For 60 years, owning a Dunkin’ Donuts franchise or two has been the elevator that legions of hard-working strivers have used to lift themselves up out of the ranks of factory workers and into the realm of, if not the rich, at least the pretty comfortable. But even if most regular Joes waiting in drive-through lines have no idea, the Dunkin’ franchisee landscape has been shifting dramatically. As New England’s beloved brand aggressively expands and the price of admission for franchising continues to climb, ever-growing franchisee networks are crowding out the moms and pops. More and more, the elevator is traveling only to the penthouse. Read the full story.

(Essdras M Suarez/Globe Staff)

Chasing Bayla

“Thirty meters,” Dr. Michael Moore called out.

Moore braced himself against the steel of the Zodiac’s platform tower as the boat closed in on the whale in the heaving Florida waters. Through the rangefinder, he could see the tangled mass of ropes cinched tightly around her. It was impossible to tell where the ropes began and where they ended.

This much he knew. The ropes were carving into her. Bayla was in pain.

He was tempted to look away. It was almost too much to see. Read the full story.

(Suzanne Kreiter/Globe Staff)

Michael Bourne’s battle with chronic mental illness

For 18 months, Michael Bourne and his family granted the Globe access to his battle with chronic mental illness, through recovery and relapse. Many of the events described were observed firsthand; others were reconstructed through interviews with family members, friends and neighbors, and official records. The goal was to describe the struggle of one family, coping with a challenge that is known by many. Read part one, part two, and part three

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(Yoon S. Byun/Globe Staff)

Shadow Campus: A Globe Spotlight Team investigation

The Boston Globe Spotlight Team’s investigation of off-campus housing in Boston revealed that a collision of greed, neglect, and mismanagement is endangering young people in America’s college capital, enriching some absentee landlords who maximize profits by packing students into properties, and routinely ignore the dictates of critical housing codes. The investigation concluded that Boston’s chief code enforcement agency is no match for the flood of complaints and violations that create dangerous, sometimes life-threatening conditions. Read the full story.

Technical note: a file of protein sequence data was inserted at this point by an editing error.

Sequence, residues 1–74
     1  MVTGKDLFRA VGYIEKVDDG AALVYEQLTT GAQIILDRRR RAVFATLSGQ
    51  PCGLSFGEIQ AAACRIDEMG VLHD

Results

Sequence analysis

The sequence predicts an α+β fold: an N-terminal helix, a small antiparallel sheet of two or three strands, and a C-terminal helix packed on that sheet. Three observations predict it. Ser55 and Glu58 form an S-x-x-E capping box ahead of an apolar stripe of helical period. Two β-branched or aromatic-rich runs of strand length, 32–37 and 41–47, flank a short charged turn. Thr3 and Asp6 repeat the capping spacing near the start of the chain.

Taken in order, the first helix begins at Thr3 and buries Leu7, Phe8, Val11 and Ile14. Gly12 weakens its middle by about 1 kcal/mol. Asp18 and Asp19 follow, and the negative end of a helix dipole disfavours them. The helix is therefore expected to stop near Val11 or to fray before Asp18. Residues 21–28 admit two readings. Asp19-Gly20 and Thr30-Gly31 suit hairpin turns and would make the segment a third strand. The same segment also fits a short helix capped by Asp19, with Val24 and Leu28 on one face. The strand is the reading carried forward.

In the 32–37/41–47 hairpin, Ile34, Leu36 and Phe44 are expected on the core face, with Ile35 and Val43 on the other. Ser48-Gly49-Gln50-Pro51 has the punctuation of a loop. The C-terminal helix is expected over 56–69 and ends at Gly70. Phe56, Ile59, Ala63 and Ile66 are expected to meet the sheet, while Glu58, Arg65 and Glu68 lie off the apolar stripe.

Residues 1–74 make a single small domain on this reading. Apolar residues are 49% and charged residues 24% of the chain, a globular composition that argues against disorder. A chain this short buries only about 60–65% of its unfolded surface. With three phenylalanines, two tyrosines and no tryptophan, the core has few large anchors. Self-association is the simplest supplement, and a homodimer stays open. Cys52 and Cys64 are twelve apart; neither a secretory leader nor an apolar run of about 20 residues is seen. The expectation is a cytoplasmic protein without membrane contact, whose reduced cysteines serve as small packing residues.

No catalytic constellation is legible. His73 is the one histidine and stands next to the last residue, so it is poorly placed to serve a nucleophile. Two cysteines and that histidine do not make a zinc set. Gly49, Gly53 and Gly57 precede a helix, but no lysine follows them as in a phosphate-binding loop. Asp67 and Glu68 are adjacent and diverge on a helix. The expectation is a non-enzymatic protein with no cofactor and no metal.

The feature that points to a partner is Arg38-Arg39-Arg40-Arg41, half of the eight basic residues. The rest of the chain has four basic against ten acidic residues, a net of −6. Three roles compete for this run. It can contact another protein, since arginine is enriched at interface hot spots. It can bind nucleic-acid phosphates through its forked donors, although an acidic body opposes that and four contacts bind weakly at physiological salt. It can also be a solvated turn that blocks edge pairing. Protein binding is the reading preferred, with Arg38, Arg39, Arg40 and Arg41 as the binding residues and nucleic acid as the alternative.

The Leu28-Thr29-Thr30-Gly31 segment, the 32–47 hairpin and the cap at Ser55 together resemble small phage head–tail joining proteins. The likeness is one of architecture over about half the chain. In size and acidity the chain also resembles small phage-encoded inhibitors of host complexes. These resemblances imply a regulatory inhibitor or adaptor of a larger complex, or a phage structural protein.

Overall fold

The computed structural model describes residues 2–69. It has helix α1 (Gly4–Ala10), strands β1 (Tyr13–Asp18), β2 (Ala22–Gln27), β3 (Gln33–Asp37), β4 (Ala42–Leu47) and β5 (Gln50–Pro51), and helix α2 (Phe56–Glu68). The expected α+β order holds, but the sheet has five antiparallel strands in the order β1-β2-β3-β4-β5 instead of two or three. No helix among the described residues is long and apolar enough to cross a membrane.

(Jonathan Wiggs/Globe Staff)

More than 60 years later, a love note from a familiar stranger

The mysterious package arrived on a blustery day in February from a man Cynthia Riggs had not seen in 62 years. He wrote his return address in latitude and longitude. The contents baffled her: pages of yellowed paper towels, covered in penciled code.

Then, she remembered. In 1950, when she was an 18-year-old college student, she had landed a summer job sorting plankton at a marine geology lab in California. She befriended one of her colleagues, Howard Attebery, a kind soul who stood out from the other young men more interested in teasing her or nailing shut her lab drawers. Read the full story.

(Joanne Rathe/Globe Staff)

His son lost to heroin, a father’s unstoppable need to know

Every time Jim Kasper watches the surveillance video, it feels like he’s jumping off a cliff. He clenches his fists and forces himself to keep his eyes open as his son’s body rolls silently through the frame. The first moments of the tape are unremarkable: flickering shots of empty hallways at the Reservoir Towers apartments on Commonwealth Avenue in Brighton. Then two men enter an elevator, one of them pushing a third man who is slumped in a wheelchair, chin on his chest, hands tucked into his lap. A rope binds his shoulders to the chair. “That’s my son,” says Jim, reaching out to touch the blurry image of Harry’s downturned face. Read the full story.